Remember when flip-flopping was considered just about the worst thing a politician could do? Now we call it evolving, and we have moved beyond the nonsense posture that it’s better to be steadfast in error than flexible enough to correct course, especially as new facts come to light.
President Donald Trump’s evolution on Syria’s criminal president, Bashar al-Assad, did happen head-snappingly fast. Just days before Assad used nerve gas on children, our ambassador to the United Nations, Nikki Haley, said that removing him from office wasn’t our goal. “You pick and choose your battles,’’ she told reporters on March 30, “and our priority is no longer to sit there and focus on getting Assad out.” That same day, Secretary of State Rex Tillerson said Syrians should pick their own leader — as if 400,000 of them had not died since 2011 in a civil war over that question.
The unfortunate perception that we were mellowing on Assad may even have emboldened his use of sarin. Still, Trump was right to answer the attack, especially in such a proportional way. We just marked the centennial of a war in which chemical weapons proved so deadly that the world outlawed their use, and this is no time to go back on what we learned then at such a horrific cost.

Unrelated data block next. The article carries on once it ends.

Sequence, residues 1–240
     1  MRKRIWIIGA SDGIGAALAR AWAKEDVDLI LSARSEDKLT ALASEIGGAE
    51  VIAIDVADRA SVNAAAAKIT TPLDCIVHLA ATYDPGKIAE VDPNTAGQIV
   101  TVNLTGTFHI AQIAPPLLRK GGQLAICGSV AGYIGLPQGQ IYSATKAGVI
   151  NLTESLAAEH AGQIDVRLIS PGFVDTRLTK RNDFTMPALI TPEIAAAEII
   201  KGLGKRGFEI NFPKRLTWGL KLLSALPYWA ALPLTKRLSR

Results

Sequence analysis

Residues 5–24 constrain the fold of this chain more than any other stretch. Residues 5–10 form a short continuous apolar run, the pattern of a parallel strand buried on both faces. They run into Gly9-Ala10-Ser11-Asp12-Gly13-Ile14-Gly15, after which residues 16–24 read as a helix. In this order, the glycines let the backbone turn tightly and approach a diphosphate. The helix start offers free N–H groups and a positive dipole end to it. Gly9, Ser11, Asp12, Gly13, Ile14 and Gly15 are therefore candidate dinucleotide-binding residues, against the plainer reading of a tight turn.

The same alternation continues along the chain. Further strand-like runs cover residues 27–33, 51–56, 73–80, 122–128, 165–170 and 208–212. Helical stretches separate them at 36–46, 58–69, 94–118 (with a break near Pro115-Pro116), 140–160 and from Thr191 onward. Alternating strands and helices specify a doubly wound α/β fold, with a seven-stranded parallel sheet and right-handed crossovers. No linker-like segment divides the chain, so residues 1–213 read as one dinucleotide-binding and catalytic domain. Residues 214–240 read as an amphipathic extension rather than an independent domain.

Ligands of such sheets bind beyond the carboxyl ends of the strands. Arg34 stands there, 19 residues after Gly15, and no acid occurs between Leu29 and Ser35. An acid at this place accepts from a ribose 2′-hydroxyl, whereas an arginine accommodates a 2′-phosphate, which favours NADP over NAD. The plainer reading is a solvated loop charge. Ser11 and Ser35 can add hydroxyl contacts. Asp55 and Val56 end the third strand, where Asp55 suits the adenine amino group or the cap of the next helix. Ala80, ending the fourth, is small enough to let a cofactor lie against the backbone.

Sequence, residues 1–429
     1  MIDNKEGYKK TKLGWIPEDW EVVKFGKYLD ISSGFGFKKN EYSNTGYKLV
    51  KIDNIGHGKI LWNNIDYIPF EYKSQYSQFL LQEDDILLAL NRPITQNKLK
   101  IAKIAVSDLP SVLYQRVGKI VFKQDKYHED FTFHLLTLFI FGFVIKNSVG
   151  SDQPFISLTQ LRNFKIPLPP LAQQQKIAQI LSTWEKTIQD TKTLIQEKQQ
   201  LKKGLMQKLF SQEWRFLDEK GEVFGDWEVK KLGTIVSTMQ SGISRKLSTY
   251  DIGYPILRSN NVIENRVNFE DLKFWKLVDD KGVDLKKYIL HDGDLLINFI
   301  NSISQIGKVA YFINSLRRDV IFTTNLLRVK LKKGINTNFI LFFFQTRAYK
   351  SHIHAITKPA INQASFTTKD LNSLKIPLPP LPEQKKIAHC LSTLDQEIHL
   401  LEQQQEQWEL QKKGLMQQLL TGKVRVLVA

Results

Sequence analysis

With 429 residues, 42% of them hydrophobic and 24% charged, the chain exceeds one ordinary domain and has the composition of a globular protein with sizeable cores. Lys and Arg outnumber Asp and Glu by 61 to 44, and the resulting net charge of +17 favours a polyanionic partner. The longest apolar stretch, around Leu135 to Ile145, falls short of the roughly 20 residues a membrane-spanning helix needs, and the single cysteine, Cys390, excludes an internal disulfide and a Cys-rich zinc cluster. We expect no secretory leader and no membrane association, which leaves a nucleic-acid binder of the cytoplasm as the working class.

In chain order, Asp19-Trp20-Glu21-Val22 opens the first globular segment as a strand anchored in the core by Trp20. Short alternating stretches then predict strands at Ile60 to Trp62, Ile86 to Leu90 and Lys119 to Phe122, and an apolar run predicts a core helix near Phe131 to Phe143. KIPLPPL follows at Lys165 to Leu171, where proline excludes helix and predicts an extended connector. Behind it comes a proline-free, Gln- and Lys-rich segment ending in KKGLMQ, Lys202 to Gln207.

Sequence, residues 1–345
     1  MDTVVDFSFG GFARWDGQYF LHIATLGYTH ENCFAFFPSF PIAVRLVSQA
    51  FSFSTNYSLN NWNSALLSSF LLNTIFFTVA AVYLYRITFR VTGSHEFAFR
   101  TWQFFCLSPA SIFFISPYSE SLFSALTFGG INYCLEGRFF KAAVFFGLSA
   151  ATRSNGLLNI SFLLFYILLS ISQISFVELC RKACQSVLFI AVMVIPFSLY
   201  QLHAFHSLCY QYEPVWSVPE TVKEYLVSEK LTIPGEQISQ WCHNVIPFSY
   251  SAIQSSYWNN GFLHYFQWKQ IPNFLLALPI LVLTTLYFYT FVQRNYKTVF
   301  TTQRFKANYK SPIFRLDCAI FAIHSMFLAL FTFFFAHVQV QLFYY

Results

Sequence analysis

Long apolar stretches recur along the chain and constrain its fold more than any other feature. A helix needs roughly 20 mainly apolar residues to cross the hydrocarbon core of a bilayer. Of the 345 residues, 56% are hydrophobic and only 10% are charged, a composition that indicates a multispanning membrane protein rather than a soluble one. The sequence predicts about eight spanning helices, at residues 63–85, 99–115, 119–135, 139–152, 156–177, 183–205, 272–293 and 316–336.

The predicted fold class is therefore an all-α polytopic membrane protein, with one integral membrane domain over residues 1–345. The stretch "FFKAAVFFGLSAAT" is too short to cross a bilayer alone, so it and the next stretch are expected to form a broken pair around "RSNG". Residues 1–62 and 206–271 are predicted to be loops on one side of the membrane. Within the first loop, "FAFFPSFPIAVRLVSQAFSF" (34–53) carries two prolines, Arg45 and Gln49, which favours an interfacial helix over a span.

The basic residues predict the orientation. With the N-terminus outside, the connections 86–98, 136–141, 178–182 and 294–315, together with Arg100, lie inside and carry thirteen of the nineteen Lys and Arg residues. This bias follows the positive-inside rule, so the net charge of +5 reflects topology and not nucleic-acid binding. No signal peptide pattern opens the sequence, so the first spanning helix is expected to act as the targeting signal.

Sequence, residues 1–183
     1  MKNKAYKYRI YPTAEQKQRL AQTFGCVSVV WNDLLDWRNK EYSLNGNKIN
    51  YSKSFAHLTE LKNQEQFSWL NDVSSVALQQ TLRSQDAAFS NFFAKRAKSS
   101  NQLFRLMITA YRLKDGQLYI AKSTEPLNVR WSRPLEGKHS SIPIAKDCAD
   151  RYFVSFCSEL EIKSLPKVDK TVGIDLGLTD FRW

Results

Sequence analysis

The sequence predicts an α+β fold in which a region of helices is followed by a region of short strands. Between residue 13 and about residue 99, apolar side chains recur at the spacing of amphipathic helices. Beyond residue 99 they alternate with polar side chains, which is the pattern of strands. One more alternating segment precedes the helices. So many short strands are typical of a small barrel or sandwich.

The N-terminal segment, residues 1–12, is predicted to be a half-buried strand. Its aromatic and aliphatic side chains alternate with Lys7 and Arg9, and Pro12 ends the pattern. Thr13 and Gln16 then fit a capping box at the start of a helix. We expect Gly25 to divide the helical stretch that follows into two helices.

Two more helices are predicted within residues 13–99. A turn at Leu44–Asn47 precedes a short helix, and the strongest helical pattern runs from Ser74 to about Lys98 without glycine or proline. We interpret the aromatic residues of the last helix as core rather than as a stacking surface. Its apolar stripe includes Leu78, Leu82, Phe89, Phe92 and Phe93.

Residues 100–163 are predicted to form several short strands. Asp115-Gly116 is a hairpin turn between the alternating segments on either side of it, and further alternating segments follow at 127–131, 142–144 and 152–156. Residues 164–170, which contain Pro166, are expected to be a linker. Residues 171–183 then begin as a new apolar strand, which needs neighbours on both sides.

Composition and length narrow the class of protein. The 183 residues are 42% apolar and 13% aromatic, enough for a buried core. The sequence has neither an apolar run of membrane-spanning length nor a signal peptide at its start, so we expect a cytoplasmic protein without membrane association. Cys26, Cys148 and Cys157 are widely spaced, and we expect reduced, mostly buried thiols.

Now our message is that Russia, where Tillerson touched down on Tuesday, must choose between us and the Assad regime. But what is our overall strategy in Syria, where there aren’t two warring factions but many, and even our “moderate” allies sometimes do business with Islamic State terrorists?
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In general, we believe the U.S. should be more involved in humanitarian intervention rather than less. Which means that Trump was right to act but that he also needs to put our action in context and tell the American public where we go from here. While we wait, Eric Trump has said that his sister Ivanka influenced their father’s decision to bomb the Syrian airfield from which chemical weapons were dispatched. He also said that proves his father and Russian President Vladimir Putin aren’t in cahoots; was that a factor in the decision?
Trump’s flailing spokesman, Sean Spicer, who on Tuesday made the inexcusable mistake of claiming that “Hitler didn’t even sink to using chemical weapons” is not helping. He incorrectly posited even after we answered the chemical attack that we couldn’t call for Assad’s ouster because “We would look … rather silly not acknowledging the political realities that exist in Syria.”
What’s worse than silly is that neither then-President Barack Obama nor Trump has offered a plan to make life better for suffering Syrians. To go in with troops would be to repeat our mistake in Iraq, where Saddam Hussein, too, had used chemical weapons. But to cut diplomacy and aid right now, as Trump wants to do, would be disastrous. First, the president should square his correct impulse to stand up for the “beautiful babies” he saw gasping and foaming at the mouth, and his determination to ban Syrian refugees. They are the same people, Mr. President. And they do deserve our help.